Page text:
So what do you do if you’re intimidated by the experience of owning a needlessly complex Italian car, but you still want wedgy 1980s styling and a suggestion of sportiness? Giving up on some driving excitement by accepting a durable 22R-E inline four that’s probably only halfway through its lifespan at 165,000 miles will certainly make your life easier, if not more fun. This car also comes from what you might call something of a golden age for Toyota – they had moved beyond a lineup of mostly tinny economy cars, but had not yet arrived at the mostly-appliance lineup they still have today, and had a significant proportion of sporty cars in the family. The Celica was outdone by the Corolla GT-S, MR2 and FX16 in terms of sportiness, but was still a popular contender. Check out this 1985 Toyota Celica convertible for sale for $3900 in Vallejo, CA.
Fender flares, angular dished wheels, wedge styling, flip-up headlights – what’s not to like for a 1980s connoisseur? Okay, so you don’t get the Yamaha-designed 4AGE engine, but it’s nice to see one of these in good condition, and with a 5-speed manual instead of the more common automatic. Check out those interesting headrests on the seats – how do they work? Are there channels within the seats on which they slide up and down?
The car even includes the original top boot, which must be cumbersome to handle and install, and doesn’t so much hide the folded-down top as just tidy up the hump. The condition of the car is really quite remarkable, and speaks both to the care the 22-year owner has given, as well as the quality for which Toyota was coming to be known.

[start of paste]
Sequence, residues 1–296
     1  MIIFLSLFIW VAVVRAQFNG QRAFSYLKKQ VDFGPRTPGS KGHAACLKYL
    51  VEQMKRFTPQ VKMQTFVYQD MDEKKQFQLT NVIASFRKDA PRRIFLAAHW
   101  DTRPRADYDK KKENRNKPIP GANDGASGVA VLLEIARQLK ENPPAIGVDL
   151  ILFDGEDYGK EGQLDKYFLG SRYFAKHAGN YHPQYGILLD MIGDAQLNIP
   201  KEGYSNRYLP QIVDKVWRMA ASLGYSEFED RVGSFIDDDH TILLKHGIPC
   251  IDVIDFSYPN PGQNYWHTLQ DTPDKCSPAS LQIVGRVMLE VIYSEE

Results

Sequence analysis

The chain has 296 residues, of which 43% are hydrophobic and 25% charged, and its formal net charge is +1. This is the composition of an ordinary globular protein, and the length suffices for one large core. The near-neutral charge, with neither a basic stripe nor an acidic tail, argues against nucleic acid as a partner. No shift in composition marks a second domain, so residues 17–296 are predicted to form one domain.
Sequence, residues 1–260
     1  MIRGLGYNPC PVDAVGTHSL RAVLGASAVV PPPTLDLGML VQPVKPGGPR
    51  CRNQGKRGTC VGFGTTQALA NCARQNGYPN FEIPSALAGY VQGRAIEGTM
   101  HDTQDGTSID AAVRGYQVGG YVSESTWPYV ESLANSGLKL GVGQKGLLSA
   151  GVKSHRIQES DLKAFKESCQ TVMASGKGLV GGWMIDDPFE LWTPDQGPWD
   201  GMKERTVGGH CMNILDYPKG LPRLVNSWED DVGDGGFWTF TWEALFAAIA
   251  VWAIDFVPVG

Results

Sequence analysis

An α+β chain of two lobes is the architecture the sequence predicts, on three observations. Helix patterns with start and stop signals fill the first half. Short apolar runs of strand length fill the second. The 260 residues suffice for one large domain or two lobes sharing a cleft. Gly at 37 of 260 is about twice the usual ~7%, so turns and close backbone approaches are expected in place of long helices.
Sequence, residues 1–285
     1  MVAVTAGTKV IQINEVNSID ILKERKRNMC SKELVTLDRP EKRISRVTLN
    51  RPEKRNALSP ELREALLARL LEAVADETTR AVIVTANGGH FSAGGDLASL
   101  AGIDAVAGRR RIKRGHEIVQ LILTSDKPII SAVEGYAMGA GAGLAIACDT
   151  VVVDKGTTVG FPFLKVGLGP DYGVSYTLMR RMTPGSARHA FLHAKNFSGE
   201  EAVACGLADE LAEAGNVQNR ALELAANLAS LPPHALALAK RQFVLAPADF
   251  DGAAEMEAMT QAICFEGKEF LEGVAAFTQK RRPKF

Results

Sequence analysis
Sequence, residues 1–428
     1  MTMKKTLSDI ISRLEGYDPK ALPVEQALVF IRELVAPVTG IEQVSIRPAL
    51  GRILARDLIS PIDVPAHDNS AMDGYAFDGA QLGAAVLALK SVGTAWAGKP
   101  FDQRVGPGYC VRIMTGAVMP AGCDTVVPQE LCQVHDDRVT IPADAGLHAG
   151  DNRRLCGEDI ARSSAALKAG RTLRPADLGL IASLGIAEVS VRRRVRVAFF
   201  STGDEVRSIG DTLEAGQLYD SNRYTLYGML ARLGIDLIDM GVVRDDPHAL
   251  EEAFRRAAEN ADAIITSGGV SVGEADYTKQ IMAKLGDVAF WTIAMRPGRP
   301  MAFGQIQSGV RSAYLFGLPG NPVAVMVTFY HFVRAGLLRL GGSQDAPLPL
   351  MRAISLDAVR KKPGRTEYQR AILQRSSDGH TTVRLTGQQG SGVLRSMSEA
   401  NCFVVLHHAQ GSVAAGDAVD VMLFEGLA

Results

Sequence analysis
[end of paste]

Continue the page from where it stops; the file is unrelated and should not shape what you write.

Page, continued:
The engine is said to have needed no service, while the clutch was replaced at 120,000 miles. This is the first year for the reworked 22R-E engine, giving a slight boost to 114hp and 140 lb.-ft. of torque. Indeed, while this engine is incredibly durable, it was not known for turning high revs, but did generate plenty of low-end power – exactly what you’d expect in an engine shared with pickup trucks. Do be aware that the timing chains had a reputation for stretching, which could damage the plastic chain guide and ultimately bend valves.
The interior looks decent in this limited shot, and the air conditioning is said to work well. All books, manuals, and tools are included, and the battery was replaced last fall. The car only has two issues – the cruise control and electric mirrors failed within the last year. With any luck, a good cleaning of the contacts will get you back in action. So between this and the Biturbo, would you go mechanically mild or wild?